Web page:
The critical strain energy release rate, which is designated as G Ic , is a measure of the strain energy that is released per unit increase in crack area as a ceramic with flaws or cracks is loaded progressively. The subscript I refers to the crack-opening mode under tension as expressed for K Ic . Comparative values of K Ic (MPa∙m 1/2 ) versus G Ic (kJ/m 2 ) for different types of materials are as follows: (1) ductile metals, 150 versus 50 to 200; (2) brittle metals, 25 versus 1 to 5; and (3) soda-lime glass, 0.8 versus 0.5.
Abrasiveness to Enamel
In spite of their overall excellence in meeting the ideal requirements of a prosthetic material, dental ceramics can cause catastrophic wear of opposing tooth structure under certain conditions because of their hardness. Wear is a form of fracture that occurs microscopically on the surface. The most extreme damage occurs because of bruxing, premature occlusal contacts, and/or inadequate occlusal adjustments. When cuspid-guided disocclusion is ensured, the wear of opposing enamel and dentin will be greatly reduced. The abrasive wear of opposing tooth structure can be reduced further by periodically refinishing the occlusal surface after frequent exposures to carbonated beverages and/or acidulated phosphate fluoride.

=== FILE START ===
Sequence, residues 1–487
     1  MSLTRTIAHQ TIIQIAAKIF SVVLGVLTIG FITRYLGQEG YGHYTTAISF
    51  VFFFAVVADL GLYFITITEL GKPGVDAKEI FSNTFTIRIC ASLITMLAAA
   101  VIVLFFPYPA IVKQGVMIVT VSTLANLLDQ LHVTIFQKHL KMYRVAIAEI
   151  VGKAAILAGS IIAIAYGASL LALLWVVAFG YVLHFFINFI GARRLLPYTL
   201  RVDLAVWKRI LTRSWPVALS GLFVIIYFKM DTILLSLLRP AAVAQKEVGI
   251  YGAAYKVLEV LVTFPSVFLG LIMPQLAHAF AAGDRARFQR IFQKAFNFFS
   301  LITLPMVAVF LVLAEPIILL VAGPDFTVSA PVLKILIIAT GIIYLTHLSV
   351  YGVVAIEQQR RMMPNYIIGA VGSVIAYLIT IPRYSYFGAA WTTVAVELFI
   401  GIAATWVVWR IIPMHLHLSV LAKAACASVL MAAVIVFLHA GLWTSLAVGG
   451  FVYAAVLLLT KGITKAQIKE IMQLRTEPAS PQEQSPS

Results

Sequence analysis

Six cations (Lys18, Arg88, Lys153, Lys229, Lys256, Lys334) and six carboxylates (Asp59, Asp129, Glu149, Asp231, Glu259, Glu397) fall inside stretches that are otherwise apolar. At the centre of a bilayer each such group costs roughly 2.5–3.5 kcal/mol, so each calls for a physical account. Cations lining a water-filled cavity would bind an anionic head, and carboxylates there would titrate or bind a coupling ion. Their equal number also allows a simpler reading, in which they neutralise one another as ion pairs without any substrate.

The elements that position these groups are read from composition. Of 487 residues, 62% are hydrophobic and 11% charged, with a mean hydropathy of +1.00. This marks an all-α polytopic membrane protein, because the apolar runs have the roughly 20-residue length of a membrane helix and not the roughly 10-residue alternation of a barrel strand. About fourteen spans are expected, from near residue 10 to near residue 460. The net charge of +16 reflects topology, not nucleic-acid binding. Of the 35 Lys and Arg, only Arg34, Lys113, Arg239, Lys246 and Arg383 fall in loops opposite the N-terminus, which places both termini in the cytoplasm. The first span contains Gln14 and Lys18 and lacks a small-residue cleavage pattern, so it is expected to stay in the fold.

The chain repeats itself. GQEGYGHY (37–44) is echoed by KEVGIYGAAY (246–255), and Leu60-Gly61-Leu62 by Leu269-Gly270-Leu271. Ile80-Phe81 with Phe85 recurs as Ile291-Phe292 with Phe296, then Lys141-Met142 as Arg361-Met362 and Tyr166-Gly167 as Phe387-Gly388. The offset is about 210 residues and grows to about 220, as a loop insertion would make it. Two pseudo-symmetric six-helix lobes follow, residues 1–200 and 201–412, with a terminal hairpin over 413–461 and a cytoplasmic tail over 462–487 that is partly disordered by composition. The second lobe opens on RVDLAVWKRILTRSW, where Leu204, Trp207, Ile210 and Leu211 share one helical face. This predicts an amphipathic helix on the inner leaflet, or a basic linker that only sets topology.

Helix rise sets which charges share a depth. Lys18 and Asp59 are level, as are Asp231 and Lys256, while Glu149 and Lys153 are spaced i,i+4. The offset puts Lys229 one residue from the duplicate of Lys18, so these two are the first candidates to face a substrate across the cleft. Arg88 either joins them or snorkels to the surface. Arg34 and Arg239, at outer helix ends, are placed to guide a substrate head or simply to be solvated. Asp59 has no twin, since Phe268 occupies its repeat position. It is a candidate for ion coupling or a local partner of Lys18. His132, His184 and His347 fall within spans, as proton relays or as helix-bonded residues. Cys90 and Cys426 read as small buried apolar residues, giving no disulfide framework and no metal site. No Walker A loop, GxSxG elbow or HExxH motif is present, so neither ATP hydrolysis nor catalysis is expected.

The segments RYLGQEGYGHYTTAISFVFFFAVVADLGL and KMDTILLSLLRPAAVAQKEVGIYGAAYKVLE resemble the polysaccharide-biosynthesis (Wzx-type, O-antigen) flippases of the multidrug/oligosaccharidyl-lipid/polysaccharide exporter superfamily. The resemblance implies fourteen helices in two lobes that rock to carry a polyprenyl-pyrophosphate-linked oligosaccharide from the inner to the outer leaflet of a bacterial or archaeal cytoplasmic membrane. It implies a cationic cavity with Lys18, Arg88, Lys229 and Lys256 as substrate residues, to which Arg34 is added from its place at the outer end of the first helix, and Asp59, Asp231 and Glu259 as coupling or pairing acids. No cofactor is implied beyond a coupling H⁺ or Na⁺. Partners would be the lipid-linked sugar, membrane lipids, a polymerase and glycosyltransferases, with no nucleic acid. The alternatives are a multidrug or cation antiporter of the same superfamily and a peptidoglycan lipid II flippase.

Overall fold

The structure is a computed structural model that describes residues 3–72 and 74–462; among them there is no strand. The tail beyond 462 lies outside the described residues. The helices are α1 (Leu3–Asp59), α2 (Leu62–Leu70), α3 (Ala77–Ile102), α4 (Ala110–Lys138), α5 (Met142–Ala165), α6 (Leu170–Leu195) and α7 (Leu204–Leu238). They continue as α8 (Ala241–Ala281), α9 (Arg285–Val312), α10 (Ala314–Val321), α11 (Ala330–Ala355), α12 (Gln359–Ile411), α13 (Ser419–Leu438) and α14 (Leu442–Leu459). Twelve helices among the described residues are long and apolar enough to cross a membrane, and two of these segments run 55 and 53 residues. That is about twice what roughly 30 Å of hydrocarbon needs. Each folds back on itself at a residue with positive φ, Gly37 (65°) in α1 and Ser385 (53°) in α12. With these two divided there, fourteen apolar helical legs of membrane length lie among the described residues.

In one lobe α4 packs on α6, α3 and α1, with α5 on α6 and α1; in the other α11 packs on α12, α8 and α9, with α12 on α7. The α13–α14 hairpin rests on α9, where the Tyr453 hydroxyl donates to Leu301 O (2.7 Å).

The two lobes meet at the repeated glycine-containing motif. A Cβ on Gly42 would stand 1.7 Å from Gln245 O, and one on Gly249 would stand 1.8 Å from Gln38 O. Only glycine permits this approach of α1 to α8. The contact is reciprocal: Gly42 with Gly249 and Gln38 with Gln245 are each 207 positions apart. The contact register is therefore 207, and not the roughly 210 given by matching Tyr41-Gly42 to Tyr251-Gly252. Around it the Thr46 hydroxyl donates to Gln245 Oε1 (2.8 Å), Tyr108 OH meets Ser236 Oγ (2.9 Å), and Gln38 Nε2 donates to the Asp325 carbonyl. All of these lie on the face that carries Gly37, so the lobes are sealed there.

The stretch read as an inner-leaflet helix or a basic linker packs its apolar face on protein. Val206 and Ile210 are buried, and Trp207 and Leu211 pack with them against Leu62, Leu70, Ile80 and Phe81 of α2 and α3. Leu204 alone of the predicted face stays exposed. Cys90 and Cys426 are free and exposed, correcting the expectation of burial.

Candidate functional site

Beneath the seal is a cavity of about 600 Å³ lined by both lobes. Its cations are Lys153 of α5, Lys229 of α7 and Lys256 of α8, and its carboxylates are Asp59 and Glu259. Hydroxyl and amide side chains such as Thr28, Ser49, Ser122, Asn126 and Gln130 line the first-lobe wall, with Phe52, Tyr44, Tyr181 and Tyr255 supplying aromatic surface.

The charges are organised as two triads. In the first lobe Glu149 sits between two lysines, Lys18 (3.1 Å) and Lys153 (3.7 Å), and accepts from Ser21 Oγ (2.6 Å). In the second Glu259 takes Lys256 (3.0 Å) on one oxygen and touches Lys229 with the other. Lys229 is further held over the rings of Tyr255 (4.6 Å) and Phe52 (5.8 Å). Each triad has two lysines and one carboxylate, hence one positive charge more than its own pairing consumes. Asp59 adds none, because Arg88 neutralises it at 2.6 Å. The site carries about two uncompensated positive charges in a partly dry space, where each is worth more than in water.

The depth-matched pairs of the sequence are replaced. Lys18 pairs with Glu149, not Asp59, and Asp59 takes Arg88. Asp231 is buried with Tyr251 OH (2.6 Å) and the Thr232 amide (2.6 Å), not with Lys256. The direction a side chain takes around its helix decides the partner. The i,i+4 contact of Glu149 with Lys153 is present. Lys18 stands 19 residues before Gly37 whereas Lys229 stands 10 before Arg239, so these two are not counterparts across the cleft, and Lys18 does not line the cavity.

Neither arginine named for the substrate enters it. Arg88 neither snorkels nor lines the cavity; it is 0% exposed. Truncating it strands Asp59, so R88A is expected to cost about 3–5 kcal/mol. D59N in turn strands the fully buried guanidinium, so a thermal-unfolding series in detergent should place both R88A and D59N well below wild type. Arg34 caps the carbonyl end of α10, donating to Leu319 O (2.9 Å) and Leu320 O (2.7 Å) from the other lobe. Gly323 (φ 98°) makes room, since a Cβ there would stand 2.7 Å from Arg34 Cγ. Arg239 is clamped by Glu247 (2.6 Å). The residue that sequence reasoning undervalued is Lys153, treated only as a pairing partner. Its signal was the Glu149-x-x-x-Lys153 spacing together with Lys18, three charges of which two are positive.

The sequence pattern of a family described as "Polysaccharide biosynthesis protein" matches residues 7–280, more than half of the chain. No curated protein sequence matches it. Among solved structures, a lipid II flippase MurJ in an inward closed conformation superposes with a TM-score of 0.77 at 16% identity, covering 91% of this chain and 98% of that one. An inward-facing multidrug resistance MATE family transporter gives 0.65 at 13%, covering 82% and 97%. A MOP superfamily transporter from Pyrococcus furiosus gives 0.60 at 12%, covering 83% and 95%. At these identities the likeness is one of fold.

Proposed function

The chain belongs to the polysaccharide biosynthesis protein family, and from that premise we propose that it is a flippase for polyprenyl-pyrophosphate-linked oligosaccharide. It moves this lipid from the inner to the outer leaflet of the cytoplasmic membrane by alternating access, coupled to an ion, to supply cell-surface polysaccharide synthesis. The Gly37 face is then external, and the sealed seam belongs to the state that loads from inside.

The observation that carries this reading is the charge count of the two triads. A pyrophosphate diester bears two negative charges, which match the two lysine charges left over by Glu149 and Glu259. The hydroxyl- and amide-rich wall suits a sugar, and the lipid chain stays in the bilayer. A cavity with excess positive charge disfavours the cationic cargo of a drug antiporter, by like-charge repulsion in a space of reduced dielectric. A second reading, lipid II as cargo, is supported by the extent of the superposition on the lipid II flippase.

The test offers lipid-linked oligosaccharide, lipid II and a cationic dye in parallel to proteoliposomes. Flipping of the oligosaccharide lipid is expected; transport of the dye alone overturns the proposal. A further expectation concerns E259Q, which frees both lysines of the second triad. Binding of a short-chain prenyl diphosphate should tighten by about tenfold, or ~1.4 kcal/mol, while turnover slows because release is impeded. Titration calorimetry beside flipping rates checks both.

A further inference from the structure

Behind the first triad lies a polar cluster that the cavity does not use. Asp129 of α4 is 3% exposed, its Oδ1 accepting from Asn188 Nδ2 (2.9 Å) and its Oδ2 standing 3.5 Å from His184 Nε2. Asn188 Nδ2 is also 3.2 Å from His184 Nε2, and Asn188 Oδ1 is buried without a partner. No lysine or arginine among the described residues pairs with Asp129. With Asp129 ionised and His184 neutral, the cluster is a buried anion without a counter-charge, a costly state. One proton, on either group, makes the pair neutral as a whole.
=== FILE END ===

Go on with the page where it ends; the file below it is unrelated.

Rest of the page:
The microfracture is the dominant mechanism responsible for the damage that a roughened ceramic surface can cause to tooth enamel surfaces. Enamel is susceptible to this kind of microfracture ( Figure 10-3 ) through four specific mechanisms: (1) asperities extending from the ceramic surface that produce high localized stresses and microfracture; (2) gouging that results from high stresses and large hardness differences between two surfaces or particles extending from these surfaces; (3) impact or erosion that occurs through the action of abrasive particles carried in a flowing liquid, such as saliva; and (4) contact stress microfracture that increases localized tensile stress and also enhances the damage caused by asperities, gouging, and impact or erosion. Because of microfracture mechanisms, polishing the ceramic surface periodically to reduce the height of asperities and to minimize enamel wear rates is necessary and highly recommended.
The abrasiveness of ceramics against enamel is affected by numerous factors and properties of the crystal-phase particles and the glass matrix (if present). These include ceramic properties such as hardness, tensile strength, fracture toughness, fatigue resistance, particle–glass bonding, particle–glass interface integrity, and chemical durability. The oral environment also affects the abrasiveness, such as frequency of exposure to corrosive chemical agents (acidulated phosphate fluoride, carbonated beverages), abrasiveness of foods, residual stress, subsurface quality (voids or other imperfections), magnitude and orientation of applied forces, chewing patterns, bruxing frequency, contact area, lubrication by saliva, and duration of exposure to abrasive particles. All of these factors can lead to wear of the ceramic, with the production of roughened surfaces that can in turn abrade the opposing enamel. As a general rule, the larger the hardness difference between two sliding surfaces, the greater the degree of wear. However, this simple principle does not explain the wide variation in wear rates that is exhibited by different patients under apparently similar conditions.
How can the potential abrasive damage of tooth enamel that opposes ceramic surfaces be minimized?